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ところが、引き返すとなったとたん、痛みがましてきた。
However, just as it became time to go back, the pain increased still further.

I don't understand the grammar of the part in bold. My translation is a best guess.

I'm familiar with the use of とたん to mean 'just as', and なる to mean 'become', but I don't know any grammar where と+なる can attach to a verb.

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I think this 引き返す is a case of zero-nominalization (discussed here: Zero-nominalisation - Why and When?).

This means that it works, against all appearances, as a noun phrase, and is part of the familiar construction "NP + と + なる" ("become NP").

Hence "引き返すとなったとたん" more or less equals "as soon as [it] became that [I'm] going back". (I'm trying to come up with a natural translation in context but keep drawing a blank.)

Whereas the parallel of "it became time to go back" would be "引き返すに/となった".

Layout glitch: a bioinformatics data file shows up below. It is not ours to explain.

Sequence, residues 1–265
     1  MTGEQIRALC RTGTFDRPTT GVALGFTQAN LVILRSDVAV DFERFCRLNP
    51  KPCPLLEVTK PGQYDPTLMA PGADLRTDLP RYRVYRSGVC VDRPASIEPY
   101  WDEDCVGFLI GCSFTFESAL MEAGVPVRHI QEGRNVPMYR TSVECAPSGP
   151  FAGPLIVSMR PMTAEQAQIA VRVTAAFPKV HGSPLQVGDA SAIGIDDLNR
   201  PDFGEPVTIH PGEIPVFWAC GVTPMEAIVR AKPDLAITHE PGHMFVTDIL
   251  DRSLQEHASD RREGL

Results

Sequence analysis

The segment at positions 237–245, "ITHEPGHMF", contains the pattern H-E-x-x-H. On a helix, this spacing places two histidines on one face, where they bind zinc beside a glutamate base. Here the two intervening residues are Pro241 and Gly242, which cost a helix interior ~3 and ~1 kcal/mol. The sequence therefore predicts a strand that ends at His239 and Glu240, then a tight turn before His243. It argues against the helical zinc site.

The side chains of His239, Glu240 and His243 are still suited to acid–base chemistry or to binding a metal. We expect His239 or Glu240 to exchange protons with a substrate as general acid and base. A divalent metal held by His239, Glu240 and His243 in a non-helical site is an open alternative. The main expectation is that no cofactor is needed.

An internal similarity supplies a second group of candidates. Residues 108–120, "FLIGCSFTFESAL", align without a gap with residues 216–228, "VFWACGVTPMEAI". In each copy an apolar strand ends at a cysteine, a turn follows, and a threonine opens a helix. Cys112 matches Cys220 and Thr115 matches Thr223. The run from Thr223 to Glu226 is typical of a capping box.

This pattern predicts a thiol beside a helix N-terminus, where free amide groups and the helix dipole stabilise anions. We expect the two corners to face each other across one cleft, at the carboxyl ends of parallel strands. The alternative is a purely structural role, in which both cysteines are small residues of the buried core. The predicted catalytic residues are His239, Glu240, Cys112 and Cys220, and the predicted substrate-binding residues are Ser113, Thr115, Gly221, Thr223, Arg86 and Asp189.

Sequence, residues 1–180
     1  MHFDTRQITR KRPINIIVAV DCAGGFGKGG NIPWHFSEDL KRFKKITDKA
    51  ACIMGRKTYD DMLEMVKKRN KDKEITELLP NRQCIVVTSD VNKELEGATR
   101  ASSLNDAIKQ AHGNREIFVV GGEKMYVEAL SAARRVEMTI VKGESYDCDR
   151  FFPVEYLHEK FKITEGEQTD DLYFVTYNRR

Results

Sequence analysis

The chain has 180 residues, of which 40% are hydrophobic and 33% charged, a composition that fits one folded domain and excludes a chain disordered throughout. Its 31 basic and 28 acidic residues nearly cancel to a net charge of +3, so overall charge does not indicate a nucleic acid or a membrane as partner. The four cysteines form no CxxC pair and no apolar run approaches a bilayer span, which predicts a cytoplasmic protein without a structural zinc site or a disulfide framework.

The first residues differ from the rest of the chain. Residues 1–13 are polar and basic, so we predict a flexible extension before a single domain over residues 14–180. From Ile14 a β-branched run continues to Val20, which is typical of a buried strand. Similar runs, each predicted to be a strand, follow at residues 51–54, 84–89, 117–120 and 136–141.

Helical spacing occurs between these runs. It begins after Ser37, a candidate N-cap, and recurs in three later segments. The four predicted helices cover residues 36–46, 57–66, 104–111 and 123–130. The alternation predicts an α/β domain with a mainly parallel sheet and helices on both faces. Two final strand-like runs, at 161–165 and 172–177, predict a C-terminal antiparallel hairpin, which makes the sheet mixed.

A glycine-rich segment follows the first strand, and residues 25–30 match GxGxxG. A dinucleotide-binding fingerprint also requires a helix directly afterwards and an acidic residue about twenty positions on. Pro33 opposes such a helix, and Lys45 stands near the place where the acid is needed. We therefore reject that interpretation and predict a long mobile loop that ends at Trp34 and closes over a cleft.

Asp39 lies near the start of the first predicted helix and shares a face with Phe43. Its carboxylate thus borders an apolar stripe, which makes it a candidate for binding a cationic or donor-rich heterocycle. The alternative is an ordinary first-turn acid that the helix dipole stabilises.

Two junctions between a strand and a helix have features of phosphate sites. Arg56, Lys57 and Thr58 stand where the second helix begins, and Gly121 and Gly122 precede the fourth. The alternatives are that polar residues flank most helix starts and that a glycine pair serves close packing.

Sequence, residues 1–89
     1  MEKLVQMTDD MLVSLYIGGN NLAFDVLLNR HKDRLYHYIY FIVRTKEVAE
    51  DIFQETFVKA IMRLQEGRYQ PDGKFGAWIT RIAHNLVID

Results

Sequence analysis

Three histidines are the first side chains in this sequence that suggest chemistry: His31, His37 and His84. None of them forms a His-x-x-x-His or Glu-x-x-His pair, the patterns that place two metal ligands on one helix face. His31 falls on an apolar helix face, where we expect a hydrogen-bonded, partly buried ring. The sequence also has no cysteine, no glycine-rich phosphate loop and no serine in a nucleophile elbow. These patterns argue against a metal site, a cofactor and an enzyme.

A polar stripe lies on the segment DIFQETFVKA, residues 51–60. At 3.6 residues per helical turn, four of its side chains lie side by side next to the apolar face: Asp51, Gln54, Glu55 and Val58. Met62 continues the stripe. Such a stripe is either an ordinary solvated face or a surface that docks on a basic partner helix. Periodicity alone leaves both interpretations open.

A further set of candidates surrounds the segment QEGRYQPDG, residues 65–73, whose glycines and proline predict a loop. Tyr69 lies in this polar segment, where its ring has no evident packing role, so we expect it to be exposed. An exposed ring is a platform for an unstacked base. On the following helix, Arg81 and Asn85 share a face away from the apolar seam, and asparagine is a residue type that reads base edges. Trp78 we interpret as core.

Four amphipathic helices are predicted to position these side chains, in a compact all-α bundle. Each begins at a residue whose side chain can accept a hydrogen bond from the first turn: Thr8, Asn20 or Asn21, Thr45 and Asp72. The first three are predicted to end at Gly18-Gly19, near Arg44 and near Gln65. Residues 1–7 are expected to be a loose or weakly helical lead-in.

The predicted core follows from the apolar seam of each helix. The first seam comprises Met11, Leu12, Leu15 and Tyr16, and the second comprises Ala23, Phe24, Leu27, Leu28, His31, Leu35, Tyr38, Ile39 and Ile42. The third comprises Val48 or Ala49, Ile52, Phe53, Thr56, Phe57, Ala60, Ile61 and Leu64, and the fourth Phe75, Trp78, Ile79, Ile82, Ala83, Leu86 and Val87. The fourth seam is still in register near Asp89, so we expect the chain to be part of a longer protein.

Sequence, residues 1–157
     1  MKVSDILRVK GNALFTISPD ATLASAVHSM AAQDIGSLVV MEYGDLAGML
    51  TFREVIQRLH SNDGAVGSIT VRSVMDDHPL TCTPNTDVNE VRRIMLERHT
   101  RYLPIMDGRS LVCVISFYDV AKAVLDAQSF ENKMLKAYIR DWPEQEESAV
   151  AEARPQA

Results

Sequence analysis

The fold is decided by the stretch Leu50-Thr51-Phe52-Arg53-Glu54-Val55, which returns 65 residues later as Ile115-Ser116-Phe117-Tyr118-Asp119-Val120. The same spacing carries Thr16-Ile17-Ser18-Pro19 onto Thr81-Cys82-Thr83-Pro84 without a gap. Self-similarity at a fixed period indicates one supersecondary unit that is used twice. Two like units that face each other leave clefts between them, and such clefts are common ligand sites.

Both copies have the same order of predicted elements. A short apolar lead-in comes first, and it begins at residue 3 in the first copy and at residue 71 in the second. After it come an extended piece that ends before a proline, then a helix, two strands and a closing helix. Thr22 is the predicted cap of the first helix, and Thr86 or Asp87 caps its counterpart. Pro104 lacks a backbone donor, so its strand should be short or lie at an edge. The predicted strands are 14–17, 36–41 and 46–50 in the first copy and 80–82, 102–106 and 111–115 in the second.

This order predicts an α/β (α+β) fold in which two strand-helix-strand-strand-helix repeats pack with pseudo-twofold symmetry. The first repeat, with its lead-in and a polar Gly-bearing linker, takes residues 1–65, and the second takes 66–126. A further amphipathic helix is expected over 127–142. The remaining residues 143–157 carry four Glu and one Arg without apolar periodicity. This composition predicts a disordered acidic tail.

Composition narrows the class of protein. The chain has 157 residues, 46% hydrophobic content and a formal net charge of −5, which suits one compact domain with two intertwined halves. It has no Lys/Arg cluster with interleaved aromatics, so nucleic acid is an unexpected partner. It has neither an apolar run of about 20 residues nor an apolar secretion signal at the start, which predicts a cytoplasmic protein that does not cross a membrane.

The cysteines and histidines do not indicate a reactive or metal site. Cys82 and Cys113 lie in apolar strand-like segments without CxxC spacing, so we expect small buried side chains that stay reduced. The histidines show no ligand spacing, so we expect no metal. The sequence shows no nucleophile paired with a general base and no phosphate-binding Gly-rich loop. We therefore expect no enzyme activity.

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Your translation is correct. As for the +となる part, allow me to explain:

Normally, when something becomes something, normally you'd see +になる.

However, using +となる implies a finality, as in having FINALLY become that stage of change.

The translation might become more correct if it were: "However, just as it ultimately became time to go back, the pain increased still further."

...or something to that extent. Hope this helps!

  • Not sure if this answer is correct or not but here must be something related to 〜となる vs. 〜になる japanese.stackexchange.com/a/739/19206 – siikamiika May 23 '17 at 2:21
  • yes, +になる shows the direction of change, where +となる shows the end result of a change, thus the finality. in a sense, it's a discrete change and not an ongoing change. for example, if the time were approaching, that'd be a +になる, but when the time finally arrives, +となる expresses that better. at least, that's how I learned it! – psosuna May 23 '17 at 17:01

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